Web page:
BACKGROUND Acute exacerbations of chronic bronchitis are common and the presenting symptoms vary, although it is not clear how this should influence management. From a health care perspective, an understanding of the speed of symptom resolution is of importance to determine the success of treatment or when a change is indicated because of treatment failure.
METHODS The response of 63 patients treated at home for exacerbations of chronic bronchitis was assessed using a patient directed diary card incorporating sputum characteristics and symptoms. Treatment was given according to the nature of the sputum at presentation; patients with purulent sputum received an antibiotic for 5 or 10 days (randomised, double blind) whereas patients with mucoid sputum received high dose inhaled steroid or placebo for 14 days (randomised, double blind).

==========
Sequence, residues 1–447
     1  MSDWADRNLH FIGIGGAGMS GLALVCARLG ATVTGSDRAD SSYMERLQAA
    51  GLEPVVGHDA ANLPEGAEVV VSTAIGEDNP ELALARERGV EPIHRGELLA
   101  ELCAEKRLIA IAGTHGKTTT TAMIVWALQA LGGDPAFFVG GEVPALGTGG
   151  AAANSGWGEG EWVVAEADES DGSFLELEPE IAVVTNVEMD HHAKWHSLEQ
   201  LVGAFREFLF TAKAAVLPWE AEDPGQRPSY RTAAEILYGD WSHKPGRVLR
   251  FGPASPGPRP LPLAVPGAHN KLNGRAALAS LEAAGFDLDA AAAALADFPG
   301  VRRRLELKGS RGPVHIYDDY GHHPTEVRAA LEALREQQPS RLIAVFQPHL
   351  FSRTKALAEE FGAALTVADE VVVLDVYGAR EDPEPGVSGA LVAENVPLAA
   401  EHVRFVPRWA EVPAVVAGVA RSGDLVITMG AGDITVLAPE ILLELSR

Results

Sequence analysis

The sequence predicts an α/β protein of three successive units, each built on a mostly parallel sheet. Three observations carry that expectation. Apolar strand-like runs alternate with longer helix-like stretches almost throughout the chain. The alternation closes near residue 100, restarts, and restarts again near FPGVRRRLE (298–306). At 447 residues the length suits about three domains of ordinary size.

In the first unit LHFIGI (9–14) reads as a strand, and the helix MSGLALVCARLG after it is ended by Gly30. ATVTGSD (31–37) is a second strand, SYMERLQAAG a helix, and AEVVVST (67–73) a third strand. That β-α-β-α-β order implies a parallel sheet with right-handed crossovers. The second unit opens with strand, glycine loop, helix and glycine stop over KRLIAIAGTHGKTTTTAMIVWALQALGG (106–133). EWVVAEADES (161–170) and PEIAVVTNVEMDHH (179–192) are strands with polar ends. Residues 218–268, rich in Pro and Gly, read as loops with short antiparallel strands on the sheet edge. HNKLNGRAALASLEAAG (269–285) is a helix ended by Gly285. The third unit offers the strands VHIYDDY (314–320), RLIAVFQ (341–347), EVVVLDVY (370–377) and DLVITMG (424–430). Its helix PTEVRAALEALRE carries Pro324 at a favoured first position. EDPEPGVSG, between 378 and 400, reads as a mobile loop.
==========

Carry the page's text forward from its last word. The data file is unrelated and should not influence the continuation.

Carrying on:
RESULTS The mean (SE) total diary card score at presentation was significantly higher in the purulent group than in the mucoid group (19.7 (0.9)v 16.3 (0.9); mean difference –3.4 (95% CI –6.1 to –0.7), p<0.05). In the purulent group sputum colour and volume improved rapidly and in both groups the mean (SE) total diary card score had improved by the fifth day of treatment to 13.0 (0.7) in the purulent group (mean difference –6.6 (95% CI –8.8 to –4.4), p<0.001) and 14.6 (0.8) in the mucoid group (mean difference –1.7 (95% CI –4.0 to 0.8), p<0.05), which was no longer significantly different from the stable state. Diary card scores did not differ significantly between patients who received antibiotics for 5 or 10 days in the purulent group or between patients who received inhaled fluticasone or placebo in the mucoid group.